It’s a sign I tell you
15th Jul 2009
More Coffee Training
22nd Jul 2009

Coffee shops generate tons of coffee waste each year and most of this ends up in landfill. So we thought this makes no sense and is not good for the environment. So our plan is to keep the coffee waste and give it away to our customers. Now you may be wondering what the hell will our customers do with the used coffee, well glad you asked that. Here are some options:

  • Use it as a garden compost. The grounds should account for no more than 25 percent of the composting matter and a teaspoon of lime or wood for each 5 pounds of grounds can be added to balance out acidity levels.
  • Make a liquid fertilizer: Diluting coffee grounds with water creates an excellent liquid fertilizer. Mixing one half pound can of coffee grounds into a 5-gallon container of water is recommended.
  • Apply coffee grounds directly to your plants: Before watering your outdoor plants, layer your soil or target garden areas with coffee grounds. Plants such as azaleas, rhododendrons, ferns, roses, gardenias, blueberries, cranberries, oaks, and spruces respond well to coffee-ground mulch. You can also sprinkle the grounds directly on the soil of potted houseplants.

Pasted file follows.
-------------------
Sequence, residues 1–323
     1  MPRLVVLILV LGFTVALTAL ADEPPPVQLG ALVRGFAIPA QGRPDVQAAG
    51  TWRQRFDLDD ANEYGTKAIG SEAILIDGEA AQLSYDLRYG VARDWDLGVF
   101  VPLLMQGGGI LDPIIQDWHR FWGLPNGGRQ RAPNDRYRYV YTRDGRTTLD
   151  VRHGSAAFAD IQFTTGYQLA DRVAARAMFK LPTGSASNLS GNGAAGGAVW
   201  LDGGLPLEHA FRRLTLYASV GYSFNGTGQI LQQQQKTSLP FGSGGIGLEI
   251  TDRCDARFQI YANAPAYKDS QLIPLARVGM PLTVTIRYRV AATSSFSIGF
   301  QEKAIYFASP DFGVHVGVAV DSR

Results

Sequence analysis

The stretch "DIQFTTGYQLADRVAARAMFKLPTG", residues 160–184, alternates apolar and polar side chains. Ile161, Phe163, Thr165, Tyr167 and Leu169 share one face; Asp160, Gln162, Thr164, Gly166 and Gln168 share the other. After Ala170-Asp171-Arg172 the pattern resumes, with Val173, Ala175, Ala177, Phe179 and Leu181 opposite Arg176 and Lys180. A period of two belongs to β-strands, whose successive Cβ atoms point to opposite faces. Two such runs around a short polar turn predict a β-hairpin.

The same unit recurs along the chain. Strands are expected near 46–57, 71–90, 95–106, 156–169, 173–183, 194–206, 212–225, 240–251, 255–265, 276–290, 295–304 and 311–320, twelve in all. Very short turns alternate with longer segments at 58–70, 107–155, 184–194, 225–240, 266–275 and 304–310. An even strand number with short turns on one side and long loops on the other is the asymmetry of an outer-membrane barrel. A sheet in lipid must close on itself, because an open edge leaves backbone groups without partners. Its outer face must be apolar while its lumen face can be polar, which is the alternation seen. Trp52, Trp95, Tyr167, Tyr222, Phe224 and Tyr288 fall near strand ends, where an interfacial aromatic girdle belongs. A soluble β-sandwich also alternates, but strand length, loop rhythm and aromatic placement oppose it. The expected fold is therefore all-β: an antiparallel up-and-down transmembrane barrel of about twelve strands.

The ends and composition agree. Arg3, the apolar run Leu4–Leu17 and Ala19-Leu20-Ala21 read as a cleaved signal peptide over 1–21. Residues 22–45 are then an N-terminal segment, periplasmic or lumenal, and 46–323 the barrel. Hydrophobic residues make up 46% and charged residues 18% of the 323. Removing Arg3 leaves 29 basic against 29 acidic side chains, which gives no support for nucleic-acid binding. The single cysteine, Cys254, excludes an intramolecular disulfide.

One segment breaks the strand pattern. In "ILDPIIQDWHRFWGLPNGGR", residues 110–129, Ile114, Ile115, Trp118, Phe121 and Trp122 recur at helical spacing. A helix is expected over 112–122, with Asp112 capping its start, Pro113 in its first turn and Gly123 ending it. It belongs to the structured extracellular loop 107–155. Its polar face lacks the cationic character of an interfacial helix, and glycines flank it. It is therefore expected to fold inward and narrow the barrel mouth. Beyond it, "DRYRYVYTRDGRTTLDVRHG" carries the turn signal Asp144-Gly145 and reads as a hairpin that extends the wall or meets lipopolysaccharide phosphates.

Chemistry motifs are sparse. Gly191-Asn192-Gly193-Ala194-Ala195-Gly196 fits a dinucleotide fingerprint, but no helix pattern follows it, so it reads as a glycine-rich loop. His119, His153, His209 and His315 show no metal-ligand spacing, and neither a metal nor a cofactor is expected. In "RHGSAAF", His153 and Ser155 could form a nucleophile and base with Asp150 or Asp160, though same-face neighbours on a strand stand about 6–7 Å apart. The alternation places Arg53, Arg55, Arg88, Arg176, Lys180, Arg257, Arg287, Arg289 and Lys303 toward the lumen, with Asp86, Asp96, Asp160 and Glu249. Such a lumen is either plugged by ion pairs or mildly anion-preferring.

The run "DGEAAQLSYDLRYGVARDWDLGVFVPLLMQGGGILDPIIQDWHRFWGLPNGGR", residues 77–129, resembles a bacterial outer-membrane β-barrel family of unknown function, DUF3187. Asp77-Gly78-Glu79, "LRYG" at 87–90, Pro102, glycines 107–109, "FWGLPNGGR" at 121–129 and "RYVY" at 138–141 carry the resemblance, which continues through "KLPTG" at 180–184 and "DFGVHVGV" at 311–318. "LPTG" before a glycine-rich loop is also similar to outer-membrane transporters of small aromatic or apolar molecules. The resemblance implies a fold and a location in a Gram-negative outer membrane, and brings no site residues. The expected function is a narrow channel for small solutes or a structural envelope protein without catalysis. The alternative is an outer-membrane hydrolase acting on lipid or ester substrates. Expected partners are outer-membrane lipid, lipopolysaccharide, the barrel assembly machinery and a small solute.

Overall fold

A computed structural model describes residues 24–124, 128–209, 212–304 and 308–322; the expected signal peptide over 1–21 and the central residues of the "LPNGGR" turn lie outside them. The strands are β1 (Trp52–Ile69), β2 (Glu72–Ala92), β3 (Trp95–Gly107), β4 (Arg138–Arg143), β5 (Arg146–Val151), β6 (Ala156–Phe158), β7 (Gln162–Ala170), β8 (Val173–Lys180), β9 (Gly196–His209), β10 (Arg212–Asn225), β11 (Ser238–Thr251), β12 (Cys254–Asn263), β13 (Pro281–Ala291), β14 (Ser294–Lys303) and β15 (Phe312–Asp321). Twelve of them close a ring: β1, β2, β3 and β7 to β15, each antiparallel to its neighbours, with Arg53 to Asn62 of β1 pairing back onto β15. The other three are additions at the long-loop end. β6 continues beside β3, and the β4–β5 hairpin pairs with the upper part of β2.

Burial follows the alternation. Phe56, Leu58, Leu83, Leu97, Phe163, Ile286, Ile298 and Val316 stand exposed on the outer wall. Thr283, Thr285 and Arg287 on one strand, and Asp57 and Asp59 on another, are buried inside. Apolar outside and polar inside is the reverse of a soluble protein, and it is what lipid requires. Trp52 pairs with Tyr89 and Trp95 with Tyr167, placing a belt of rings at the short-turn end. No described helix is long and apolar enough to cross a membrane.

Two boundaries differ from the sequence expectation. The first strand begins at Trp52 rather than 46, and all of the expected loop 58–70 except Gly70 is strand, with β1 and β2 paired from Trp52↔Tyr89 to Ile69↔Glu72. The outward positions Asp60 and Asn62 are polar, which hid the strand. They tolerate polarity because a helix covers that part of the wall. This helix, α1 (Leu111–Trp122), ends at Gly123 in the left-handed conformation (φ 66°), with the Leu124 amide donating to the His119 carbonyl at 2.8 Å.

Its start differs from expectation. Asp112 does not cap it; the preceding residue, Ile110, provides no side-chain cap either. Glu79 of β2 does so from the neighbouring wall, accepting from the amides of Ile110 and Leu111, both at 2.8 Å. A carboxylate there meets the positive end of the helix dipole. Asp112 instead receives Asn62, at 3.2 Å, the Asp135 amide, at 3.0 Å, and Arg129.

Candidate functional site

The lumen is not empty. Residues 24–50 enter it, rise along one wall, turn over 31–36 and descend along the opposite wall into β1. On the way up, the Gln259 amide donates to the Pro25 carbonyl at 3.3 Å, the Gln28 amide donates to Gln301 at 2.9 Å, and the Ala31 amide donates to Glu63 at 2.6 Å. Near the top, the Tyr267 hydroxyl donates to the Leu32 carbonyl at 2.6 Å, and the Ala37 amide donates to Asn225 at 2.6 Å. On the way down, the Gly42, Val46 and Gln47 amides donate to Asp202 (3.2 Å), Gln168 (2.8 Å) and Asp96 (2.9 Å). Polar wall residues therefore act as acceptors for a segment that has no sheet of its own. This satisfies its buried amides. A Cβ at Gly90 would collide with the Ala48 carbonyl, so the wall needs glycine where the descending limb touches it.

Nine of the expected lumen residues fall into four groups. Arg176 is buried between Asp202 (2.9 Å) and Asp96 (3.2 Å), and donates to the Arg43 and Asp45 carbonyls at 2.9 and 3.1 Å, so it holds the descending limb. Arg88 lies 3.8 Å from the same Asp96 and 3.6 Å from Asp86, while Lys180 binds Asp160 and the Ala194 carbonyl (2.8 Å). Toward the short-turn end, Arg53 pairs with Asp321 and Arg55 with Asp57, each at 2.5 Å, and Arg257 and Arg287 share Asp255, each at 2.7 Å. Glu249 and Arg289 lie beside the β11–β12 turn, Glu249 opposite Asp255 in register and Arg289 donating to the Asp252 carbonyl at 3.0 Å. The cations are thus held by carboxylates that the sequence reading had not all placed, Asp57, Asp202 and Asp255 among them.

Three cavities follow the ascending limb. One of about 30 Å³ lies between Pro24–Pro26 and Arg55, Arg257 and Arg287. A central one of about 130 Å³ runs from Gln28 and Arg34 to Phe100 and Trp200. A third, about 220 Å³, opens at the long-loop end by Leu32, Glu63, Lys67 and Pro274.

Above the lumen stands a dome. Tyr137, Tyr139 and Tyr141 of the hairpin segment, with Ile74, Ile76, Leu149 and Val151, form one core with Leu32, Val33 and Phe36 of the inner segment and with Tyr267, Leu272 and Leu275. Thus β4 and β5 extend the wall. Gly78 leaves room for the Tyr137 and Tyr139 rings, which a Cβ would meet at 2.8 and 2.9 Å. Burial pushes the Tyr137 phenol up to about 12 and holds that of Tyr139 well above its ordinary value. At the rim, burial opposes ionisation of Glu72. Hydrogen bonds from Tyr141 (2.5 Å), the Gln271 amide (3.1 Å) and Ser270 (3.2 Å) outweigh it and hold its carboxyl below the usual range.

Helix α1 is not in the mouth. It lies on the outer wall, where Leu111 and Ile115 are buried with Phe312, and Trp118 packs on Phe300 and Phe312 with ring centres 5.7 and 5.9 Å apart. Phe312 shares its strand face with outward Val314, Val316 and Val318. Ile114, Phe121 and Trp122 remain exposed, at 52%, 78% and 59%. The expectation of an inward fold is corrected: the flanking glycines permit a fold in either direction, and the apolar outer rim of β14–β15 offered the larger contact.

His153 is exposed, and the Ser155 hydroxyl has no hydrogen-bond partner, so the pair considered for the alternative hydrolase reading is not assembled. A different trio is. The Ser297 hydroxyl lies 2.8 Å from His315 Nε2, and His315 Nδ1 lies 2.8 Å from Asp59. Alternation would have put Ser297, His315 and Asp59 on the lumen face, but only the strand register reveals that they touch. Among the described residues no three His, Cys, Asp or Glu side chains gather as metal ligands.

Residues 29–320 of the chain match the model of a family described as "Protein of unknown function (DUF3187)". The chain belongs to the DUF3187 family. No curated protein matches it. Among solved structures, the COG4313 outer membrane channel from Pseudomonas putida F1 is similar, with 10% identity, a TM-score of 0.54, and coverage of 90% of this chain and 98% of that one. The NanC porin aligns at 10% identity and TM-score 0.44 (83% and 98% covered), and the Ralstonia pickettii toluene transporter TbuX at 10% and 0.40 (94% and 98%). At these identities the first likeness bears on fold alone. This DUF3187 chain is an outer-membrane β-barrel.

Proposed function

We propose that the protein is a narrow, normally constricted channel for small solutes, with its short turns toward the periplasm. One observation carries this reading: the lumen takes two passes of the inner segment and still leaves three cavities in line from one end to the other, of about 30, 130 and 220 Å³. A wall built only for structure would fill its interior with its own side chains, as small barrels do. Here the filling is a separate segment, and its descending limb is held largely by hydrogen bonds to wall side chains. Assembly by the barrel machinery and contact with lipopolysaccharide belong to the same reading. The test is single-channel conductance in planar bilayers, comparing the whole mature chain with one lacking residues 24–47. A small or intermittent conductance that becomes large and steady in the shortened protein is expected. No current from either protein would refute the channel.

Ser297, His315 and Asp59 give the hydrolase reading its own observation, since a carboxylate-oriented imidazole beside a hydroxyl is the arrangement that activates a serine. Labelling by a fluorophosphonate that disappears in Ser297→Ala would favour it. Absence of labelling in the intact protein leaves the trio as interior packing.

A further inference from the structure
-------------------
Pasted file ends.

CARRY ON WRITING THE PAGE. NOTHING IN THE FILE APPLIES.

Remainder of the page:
• Use coffee grounds as a natural pest deterrent: Surround plants sensitive to pests, especially worms, with a mixture of coffee grounds and eggshells. This acts as a natural repellent and keeps worms well fed and happy without having to resort to chemical pesticides.
  • Use steeped grounds and a cotton swab to touch up furniture scratches.
  • Skin Pack – use a handful of old grounds, mixed together with a bit of water (or cream for added moisturizing) and create a messy paste of this in a small bowl. Pat this goopy mixture onto clean skin, being careful to avoid nose, mouth and eyes. Let sit for about 15 minutes and rinse off

1 Comment

  1. pigsonthewing says:

    Great ideas – but (Earth)worms are not pests; they're one of gardeners' greatest allies. Did you perhaps mean slugs?